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The Rise and Fall of Programming Languages in 2011


Last year marked many changes in programming: Mobile devices emerged as a major programming platform and, at the other end of the spectrum, clouds became an established platforms for data and applications. In between, desktops and laptops gained substantially more RAM and somewhat more processor cores. Predictably, some of these changes trickled down to the choice of languages.

The well-known Tiobe Index (an index that culls frequency of mentions of languages and language products and translates it into a percentage of overall mentions) found the greatest language growth last year to be in Objective-C. I believe few readers would be surprised by this. Between the iPhone, iPod, and iPad (and to a lesser extent Macs), the demand for Objective-C skills has clearly grown.

The effect of mobile appears as well in Java, which over the last 10 years of Tiobe data has been in a steady decline. Two years ago, it began something of a comeback — I believe driven by Android development — and this year, Java stayed essentially even with last year. My belief is that Android is filling the gap caused by JVM languages, such as Scala, Groovy, and JRuby, which are drawing Java developers away from the language on desktop and server platforms.

As mobile programming takes off, it brings developers back to a lower level of programming that's closer to the hardware. Typically, because applications on a mobile device tend to have small code bases and require specific languages to exploit every new hardware feature, scripting languages have gained little traction in this area. (Apple's tight controls on languages and tools has also contributed to the phenomenon.) As a result, for the first time in years, possibly ever, all the primary scripting languages — Perl, Python, Ruby and PHP — declined this year. Of these, Python and Ruby's are the most interesting.

Ruby's showing in the Tiobe Index is seconded by its numbers on Ohloh.net, which tracks the number of contributions to open-source projects by programming language. LOCs of Ruby changed or added in 2011 were at their lowest level since 2006 — a fifth of what they were in 2008. I expect that part of the reason for this is that the Ruby on Rails (RoR) jubilation has finally subsided; not because of any inherent defects in the framework, but because it is only one solution to a larger problem. In addition, other frameworks have started adopting some of the original innovations that RoR brought to the fore. Python's fall in Tiobe is not reflected in the Ohloh numbers, which suggests that the decline is likely due to the overall market expanding faster than Python's own ranks, thereby giving it a smaller share.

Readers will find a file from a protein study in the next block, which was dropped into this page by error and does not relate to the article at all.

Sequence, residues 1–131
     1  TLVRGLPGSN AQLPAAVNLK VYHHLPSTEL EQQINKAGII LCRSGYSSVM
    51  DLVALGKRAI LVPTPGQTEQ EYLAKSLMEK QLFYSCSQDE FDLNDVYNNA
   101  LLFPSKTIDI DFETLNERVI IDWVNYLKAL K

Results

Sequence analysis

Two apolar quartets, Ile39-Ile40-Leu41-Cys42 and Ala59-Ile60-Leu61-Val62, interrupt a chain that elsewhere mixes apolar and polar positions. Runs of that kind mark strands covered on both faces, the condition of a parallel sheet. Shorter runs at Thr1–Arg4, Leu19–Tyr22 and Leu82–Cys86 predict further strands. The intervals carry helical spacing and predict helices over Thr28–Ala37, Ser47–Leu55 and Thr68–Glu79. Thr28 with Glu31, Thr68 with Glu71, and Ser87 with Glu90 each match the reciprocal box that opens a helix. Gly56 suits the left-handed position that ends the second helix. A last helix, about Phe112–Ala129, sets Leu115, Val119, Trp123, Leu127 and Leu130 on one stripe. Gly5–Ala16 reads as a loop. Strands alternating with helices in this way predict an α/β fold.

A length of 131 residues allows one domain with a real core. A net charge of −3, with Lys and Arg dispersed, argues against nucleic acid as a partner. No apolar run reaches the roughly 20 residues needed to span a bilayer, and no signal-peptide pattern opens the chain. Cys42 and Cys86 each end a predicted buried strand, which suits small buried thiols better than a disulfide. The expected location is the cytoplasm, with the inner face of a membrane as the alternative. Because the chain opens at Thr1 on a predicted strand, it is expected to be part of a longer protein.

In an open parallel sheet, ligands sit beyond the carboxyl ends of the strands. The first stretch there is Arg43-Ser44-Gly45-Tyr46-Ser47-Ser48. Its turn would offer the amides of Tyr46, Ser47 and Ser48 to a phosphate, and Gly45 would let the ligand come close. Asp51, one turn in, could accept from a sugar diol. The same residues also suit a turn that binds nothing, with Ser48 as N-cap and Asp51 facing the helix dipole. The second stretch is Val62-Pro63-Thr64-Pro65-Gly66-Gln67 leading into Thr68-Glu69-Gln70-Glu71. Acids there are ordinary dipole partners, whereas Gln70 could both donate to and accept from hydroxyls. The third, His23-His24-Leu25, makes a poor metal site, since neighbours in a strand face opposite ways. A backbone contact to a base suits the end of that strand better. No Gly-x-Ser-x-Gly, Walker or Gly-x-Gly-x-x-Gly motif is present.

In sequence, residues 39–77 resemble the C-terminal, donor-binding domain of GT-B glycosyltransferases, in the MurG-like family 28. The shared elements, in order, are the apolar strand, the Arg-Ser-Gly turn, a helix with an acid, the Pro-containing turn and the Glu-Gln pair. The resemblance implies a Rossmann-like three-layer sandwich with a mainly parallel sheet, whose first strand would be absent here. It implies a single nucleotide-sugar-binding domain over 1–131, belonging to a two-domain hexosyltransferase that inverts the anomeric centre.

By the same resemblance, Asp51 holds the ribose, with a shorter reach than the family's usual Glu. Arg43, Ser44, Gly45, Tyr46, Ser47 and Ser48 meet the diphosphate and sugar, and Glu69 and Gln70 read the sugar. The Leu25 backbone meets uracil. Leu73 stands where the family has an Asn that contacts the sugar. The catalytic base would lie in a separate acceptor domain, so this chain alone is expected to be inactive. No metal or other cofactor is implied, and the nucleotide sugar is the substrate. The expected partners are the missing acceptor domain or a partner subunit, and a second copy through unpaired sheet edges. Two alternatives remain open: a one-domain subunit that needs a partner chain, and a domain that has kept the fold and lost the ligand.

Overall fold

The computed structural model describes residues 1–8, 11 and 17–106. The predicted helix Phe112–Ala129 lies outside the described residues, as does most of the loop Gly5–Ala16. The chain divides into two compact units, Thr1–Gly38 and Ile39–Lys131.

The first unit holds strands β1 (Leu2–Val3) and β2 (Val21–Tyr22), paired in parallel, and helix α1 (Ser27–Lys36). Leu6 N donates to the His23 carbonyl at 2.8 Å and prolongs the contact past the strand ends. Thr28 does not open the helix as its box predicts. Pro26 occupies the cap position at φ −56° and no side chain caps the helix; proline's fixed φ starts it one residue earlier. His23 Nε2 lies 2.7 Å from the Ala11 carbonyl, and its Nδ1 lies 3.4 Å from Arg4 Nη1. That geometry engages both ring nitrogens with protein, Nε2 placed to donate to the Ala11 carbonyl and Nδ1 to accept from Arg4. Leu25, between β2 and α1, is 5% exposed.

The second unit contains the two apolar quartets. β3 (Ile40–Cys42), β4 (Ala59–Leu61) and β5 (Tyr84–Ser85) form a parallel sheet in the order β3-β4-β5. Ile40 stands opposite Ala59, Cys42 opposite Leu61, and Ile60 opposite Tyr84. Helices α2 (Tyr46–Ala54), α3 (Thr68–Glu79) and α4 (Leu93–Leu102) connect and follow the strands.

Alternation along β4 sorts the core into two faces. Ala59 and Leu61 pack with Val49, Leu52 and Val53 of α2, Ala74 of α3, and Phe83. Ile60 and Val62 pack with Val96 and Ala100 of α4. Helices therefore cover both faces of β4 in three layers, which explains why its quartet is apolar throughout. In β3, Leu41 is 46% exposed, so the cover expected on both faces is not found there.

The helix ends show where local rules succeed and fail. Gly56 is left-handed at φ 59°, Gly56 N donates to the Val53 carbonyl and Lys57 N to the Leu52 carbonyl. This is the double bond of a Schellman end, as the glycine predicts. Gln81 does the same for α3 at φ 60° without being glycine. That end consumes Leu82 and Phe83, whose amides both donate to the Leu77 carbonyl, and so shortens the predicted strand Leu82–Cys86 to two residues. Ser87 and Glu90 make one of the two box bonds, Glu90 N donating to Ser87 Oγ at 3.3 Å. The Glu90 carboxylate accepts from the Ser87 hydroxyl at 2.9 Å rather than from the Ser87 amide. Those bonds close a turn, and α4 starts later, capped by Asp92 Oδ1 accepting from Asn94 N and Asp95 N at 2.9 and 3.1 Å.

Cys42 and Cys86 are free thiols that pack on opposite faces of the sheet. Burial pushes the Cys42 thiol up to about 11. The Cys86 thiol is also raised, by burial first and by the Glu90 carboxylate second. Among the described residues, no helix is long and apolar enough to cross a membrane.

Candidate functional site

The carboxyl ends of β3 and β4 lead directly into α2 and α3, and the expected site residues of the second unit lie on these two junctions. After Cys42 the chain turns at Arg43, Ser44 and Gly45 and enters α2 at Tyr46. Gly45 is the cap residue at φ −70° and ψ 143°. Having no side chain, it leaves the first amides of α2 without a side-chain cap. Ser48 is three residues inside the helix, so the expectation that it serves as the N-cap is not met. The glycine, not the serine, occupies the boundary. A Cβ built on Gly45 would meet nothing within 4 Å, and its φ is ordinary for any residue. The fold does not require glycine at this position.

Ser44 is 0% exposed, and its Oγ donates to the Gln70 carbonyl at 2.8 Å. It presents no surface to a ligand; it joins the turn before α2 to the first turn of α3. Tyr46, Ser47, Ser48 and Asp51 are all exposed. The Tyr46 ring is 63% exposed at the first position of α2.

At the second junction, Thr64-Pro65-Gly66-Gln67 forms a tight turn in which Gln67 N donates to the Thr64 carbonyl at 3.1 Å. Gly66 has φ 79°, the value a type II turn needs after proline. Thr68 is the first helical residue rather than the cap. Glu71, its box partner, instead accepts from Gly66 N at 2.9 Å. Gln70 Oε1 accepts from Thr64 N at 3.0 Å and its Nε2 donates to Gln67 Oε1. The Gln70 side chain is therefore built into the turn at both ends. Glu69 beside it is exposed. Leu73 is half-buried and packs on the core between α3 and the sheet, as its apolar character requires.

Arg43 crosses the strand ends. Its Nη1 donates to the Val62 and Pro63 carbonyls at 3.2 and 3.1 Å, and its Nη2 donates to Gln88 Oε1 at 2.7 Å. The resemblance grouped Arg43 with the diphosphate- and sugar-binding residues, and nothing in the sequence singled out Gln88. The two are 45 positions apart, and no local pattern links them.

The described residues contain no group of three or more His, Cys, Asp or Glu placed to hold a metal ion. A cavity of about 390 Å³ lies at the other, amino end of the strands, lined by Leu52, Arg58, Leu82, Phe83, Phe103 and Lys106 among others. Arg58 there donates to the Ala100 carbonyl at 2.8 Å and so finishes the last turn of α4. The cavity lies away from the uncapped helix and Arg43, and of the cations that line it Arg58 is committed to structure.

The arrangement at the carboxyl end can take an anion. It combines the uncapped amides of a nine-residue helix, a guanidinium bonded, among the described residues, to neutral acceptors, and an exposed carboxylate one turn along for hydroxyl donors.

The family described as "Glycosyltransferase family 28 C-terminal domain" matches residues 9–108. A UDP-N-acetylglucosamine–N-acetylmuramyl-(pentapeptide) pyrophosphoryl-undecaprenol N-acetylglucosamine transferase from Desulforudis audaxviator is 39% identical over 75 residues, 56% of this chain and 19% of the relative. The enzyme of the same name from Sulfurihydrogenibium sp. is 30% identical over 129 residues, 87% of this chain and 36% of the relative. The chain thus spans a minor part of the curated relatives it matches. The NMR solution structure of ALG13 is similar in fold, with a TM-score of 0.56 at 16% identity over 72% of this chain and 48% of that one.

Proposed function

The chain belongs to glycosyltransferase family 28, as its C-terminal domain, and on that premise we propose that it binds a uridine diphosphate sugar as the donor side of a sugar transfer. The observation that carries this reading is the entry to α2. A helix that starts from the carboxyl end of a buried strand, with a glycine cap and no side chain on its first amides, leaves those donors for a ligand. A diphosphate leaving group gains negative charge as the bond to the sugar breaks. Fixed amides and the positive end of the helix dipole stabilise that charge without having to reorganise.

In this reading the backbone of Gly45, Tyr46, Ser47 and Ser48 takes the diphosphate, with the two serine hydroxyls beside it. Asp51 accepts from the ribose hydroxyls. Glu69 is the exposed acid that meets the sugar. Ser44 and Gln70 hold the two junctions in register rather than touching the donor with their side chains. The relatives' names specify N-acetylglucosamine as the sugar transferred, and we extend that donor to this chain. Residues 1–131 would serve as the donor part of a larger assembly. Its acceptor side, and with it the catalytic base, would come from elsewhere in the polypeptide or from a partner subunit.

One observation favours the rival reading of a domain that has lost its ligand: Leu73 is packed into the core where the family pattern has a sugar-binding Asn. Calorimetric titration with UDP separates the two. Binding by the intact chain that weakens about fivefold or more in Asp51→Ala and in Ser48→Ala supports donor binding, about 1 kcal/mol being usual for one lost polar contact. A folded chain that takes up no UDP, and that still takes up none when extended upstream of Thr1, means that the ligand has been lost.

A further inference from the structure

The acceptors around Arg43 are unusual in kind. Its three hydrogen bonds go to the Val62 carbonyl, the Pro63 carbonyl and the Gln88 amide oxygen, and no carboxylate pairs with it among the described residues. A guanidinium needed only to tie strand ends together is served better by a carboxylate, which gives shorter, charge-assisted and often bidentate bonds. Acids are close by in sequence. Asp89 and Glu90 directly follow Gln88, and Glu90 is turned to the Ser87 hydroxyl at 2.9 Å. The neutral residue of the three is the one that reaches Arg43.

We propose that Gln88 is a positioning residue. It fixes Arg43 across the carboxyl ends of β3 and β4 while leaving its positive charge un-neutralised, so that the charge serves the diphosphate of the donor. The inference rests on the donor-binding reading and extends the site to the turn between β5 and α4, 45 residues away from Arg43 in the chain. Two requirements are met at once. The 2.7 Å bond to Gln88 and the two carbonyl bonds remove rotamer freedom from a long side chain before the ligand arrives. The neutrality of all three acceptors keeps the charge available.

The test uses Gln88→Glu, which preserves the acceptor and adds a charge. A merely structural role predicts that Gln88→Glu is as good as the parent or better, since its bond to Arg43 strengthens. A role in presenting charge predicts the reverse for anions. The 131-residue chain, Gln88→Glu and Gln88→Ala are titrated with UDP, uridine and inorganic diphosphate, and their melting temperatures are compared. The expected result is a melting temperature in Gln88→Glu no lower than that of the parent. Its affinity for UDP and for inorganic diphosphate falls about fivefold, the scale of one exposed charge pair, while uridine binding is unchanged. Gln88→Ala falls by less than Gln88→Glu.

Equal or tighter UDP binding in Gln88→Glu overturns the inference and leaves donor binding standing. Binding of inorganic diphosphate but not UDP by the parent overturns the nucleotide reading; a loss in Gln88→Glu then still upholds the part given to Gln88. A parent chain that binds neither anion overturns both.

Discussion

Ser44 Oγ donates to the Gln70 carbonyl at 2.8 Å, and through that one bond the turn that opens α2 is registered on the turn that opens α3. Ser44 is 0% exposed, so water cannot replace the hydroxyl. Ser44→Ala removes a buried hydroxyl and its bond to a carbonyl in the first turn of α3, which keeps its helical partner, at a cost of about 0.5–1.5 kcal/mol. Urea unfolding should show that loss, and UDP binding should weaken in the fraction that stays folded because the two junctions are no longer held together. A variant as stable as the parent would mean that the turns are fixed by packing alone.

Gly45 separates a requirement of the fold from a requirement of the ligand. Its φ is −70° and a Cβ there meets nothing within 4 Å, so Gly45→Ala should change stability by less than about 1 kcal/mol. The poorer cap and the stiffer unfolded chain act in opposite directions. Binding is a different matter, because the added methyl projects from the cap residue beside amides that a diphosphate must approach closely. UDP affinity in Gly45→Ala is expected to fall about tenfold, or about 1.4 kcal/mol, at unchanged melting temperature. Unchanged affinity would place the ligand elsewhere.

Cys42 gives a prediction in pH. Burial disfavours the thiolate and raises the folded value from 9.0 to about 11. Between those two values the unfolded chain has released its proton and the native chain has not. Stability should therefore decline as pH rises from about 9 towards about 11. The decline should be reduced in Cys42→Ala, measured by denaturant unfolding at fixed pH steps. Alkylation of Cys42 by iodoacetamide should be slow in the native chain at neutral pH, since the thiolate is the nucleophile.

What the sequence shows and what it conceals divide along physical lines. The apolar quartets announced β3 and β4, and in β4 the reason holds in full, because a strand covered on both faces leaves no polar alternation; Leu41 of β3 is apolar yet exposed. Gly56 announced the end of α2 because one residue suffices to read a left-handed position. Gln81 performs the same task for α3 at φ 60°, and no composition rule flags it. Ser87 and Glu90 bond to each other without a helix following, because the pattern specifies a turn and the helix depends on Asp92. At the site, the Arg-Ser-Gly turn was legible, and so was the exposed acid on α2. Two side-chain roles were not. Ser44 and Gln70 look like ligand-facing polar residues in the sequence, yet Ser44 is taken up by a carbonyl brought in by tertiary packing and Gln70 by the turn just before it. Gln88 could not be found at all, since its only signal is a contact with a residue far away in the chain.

PHP's decline is tied, in my view, to JavaScript's emergence. JavaScript grew modestly this year on Tiobe but significantly in OSS projects. To the extent that PHP and JavaScript functionality overlap, JavaScript will increasingly rule the day. In a new survey (kindly shown to me pre-release by Zend, the company behind PHP), 82% of PHP developers use JavaScript as a second language. (The nearest competitor, Java, tipped the scales at a piddling 24%). Whether JavaScript's importance as such will continue to grow is hard to say. As I wrote a few months ago, I increasingly believe that JavaScript will become a universal intermediate language, with other languages, such as Coffeescript or Dart, serving as the front-end languages. Personally, I'm hoping that the browser vendors might agree to a compiled binary representation of JavaScript as a way to further accelerate its performance in the browser, but I believe this development could leave open possibilities for instruction extensions by individual browsers that might ultimately prove to be enough of a portability hindrance to off set any performance benefit.

The trend away from scripting to more native languages was also evident in the .NET world. C# saw a huge rise in adoption (second only to Objective-C's jump). The surge was sufficient to move C# ahead of C++ for third place in the Tiobe Index. A significant portion of this rise, I believe, came from developers moving away from Visual Basic. This trend curiously undercuts the core .NET proposition; namely, that developers would use multiple interoperable languages on the platform. But in fact, as the number of languages on .NET consolidates around C#, the benefit is becoming less valuable. (Ironically, the opposite is happening on the JVM, where there is a proliferation of alternative, interoperable languages.)

One year does not a trend make, so changes need to be looked at as indicative but not conclusive. However, the move to non-scripting languages, because it's occurring uniformly across so many idioms, might well augur the end of the cycle that held developer time was worth the sacrificing of performance and closeness to the execution platform. We'll see.

— Andrew Binstock
Editor in Chief
alb@drdobbs.com
Twitter: platypusguy

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